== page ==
bulk aging and measuring sulphites

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iridium

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Like many in this forum, I have just started the wine making journey. I am working with a one gallon kit right now. I know many have said go bigger, but for many reasons, I am quite happy, and excited to start with the 1 gallon kits.
I have just started primary fermentation on my kit and it looks to be doing a great job.

My questions are around bulk aging, adding K meta, and measuring sulphites. As I understand from many on this forum, (thank you for posting answers!) that once the kit says to go into the bottle, you put into a clean carboy. air locklet sit for three months. Also during this time you add more k meta to the wine. However, here it seems that there is a difference of opinion. Some say add a set amount (.25 tsp per 5 gal) others say to measure. Does it matter which route to take? If I bulk age in oak does that change things?

Anyway, thoughts and recommendations are appreciated. Thank you to all who take the time to respond.
 

Scooter68

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Certainly you do not want to overdose your new wine with k-meta. To be precise you need to add 1/5 of that .25 tsp of K-Meta. Your best bet is to get a small digital scale then you will need to get the weight of that volume.

Someone on here can tell probably tell you what that weight will need to be in grams. OR if you have digital scale do that yourself. (The weight of 1/4 tsp (.25) and then divide that by 5 and then weigh that amount out.) That's a fine cut but not impossible. The alternative is to use 1 Campden tablet (K-Meta in a pre-measured tablet) That's less difficult than buying a digital scale and measuring the weight of the volume of 1/4 tsp and dividing by 5. Someone may pop up and tell you that's more K-Meta than you need but it's not going to spoil the wine if you don't dose the wine every time you rack.
 

salcoco

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I can only give you my experience in making wine for about 30 years. I to wished to measure sulphite in wine and add accordingly. over the years as new measurement tools became available I would purchase and continue to make measurements and additions accordingly. I eventually purchased the automated measuring tools from Hanna and thought this is ideal as the accuracy of my measurement was guaranteed. I promptly began taking measurement at three month interval found the SO2 addition diminishing quickly and requiring addition to the wine each time. I then proceeded to just add 1/4 tsp each of three months and found that my seat of the pants approach and measurement approach were almost identical. I have since moved into a retirement community and back to making one gallon wine, I got rid of all of my sulphite measuring tools and just ride with the tsp method. my point use your funds to purchase a good ph meter and a gram scale and a set of measuring spoons.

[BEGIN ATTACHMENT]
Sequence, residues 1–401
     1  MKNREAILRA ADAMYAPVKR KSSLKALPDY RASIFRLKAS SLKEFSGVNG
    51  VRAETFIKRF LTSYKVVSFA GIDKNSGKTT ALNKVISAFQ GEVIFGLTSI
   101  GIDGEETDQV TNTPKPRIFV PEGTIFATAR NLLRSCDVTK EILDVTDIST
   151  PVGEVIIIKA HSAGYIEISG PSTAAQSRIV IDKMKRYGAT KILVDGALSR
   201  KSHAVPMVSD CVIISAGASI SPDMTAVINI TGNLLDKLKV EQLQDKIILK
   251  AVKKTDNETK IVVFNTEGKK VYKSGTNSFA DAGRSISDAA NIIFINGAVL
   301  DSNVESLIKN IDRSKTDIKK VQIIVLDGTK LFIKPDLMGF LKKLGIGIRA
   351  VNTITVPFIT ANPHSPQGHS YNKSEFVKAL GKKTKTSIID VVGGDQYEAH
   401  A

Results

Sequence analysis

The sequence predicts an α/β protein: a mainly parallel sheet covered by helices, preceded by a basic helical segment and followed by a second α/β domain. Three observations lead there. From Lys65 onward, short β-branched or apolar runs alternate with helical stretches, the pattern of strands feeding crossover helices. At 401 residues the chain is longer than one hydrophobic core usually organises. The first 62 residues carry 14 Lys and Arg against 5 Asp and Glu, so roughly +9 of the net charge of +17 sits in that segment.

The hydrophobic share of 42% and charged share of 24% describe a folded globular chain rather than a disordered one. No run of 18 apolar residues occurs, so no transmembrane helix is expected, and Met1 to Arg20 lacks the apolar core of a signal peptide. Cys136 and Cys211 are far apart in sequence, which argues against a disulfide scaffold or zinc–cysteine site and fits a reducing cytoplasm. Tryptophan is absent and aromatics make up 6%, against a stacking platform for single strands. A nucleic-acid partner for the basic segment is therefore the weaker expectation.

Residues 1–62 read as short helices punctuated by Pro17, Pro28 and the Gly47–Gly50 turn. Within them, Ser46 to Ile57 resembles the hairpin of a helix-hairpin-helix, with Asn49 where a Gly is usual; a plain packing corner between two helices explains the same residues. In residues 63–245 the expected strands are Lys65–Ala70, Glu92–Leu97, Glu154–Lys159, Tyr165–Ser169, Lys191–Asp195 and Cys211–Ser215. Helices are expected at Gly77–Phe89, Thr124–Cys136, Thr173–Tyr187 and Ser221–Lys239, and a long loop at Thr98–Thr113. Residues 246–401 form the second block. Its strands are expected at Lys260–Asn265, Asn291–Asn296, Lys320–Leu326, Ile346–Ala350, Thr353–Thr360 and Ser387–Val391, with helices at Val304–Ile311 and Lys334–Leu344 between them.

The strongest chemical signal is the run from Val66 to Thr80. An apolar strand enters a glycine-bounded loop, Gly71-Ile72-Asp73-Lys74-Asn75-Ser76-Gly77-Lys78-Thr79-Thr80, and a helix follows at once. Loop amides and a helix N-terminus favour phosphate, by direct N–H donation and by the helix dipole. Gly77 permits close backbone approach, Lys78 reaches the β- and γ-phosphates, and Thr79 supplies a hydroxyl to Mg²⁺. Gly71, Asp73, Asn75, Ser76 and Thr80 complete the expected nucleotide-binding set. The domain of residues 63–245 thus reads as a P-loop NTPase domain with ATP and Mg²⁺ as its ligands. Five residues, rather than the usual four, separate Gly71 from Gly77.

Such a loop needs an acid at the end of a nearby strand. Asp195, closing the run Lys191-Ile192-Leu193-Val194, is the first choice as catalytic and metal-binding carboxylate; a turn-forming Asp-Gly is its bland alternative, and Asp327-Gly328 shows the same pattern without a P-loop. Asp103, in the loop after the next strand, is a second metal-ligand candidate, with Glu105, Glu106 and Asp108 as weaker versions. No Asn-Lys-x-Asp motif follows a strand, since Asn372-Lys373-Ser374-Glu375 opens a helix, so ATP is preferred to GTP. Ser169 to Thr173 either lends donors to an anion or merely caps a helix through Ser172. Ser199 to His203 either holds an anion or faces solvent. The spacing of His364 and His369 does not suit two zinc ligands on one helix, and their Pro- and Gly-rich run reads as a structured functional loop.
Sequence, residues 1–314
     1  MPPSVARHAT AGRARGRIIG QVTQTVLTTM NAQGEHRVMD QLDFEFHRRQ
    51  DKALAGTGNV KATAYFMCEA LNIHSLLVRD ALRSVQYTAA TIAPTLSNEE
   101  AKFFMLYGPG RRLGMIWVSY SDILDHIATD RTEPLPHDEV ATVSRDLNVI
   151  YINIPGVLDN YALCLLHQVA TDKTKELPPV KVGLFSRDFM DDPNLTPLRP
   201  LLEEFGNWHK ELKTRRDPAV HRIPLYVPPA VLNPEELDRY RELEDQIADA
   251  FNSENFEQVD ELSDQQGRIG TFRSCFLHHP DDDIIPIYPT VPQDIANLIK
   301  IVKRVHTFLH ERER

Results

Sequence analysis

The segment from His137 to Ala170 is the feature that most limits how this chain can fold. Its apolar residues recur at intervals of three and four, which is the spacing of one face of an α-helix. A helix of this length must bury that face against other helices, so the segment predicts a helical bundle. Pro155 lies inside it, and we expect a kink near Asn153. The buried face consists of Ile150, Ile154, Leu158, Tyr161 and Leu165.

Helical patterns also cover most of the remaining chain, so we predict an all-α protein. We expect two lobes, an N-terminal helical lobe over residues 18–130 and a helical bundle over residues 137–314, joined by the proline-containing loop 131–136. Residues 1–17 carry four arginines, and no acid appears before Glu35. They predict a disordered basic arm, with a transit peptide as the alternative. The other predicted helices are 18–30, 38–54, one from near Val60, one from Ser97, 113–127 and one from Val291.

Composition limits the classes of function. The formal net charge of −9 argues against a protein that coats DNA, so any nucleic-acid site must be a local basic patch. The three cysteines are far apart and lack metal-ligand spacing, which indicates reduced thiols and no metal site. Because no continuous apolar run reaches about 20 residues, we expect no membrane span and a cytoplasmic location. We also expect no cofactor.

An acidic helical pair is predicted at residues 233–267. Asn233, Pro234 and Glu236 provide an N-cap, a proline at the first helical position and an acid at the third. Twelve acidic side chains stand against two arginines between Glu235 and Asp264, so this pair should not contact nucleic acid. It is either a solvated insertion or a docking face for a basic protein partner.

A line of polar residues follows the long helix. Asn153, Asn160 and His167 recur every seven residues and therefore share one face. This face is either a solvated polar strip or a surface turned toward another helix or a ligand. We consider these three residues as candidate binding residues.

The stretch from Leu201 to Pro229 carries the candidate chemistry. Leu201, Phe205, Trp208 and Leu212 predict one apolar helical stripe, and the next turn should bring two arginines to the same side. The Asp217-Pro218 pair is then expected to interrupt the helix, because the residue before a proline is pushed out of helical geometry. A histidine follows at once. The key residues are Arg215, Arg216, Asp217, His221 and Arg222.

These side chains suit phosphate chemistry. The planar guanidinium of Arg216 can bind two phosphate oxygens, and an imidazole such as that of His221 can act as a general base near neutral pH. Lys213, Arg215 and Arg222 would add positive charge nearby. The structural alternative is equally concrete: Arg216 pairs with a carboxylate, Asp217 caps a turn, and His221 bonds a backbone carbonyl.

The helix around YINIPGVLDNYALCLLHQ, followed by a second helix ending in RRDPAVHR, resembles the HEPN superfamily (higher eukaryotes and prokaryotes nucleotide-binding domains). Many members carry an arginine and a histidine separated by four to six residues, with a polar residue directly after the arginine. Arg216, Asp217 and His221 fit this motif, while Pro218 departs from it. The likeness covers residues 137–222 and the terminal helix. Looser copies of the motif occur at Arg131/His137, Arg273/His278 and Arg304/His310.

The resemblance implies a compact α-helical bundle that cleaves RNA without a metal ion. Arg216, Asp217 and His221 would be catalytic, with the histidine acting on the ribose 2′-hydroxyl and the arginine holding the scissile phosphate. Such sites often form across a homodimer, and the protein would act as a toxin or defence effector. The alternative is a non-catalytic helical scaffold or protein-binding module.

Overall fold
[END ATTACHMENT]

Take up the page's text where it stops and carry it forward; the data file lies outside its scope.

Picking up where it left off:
NorCal

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The kits are paint by numbers, so many of the variables have been taken out of the equation. For instance, you know that you are most likely dealing with a 3.4-3.6 wine, which is microbial stable without large doses of SO2. The rule of thumb of 1/4 tsp (1.5 grams) per 5 gallons every 3 months works well. It is when you have 3.9+ pH that these rules change quickly, since there is an exponential relationship between pH and the amount of SO2 required.
 
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sour_grapes

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Just as a small practical note on adding small amounts of k-meta, you could consider this approach: Dissolve 1/4 tsp of k-meta in, say, 100 mL of water. Then add 20 mL of that solution to your gallon.

If, by "bulk age in oak," you mean using a (small) barrel, then this does indeed affect the rate at which you will lose sulfites.
 
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